I watched in awe as he virtually caromed off the walls of the classrooms and hallways.
Another Tylenol and a tranquilizer three hours later don't do the trick and the demons do a shock and awe attack.
She was the girl to impress at Wellesley—and we were all in awe of her.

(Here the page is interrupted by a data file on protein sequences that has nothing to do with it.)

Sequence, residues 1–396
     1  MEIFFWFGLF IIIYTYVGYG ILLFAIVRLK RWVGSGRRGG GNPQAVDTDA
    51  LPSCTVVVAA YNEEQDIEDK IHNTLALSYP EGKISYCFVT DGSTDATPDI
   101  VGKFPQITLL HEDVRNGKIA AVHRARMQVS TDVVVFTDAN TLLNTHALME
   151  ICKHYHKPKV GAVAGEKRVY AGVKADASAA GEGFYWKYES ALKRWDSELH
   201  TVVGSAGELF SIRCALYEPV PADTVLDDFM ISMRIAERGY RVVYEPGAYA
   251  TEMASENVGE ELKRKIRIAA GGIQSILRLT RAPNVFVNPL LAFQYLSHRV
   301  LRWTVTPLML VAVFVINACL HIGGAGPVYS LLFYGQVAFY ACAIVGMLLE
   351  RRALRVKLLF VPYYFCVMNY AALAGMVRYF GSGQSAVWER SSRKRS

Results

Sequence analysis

c.1300, earlier aghe, c.1200, from a Scandinavian source, e.g. Old Norse agi "fright;" from Proto-Germanic *agiz- (cf. Old English ege "fear," Old High German agiso "fright, terror," Gothic agis "fear, anguish"), from PIE *agh-es- (cf. Greek akhos "pain, grief"), from root *agh- "to be depressed, be afraid" (see ail). Current sense of "dread mixed with veneration" is due to biblical use with reference to the Supreme Being. Awe-inspiring is recorded from 1814.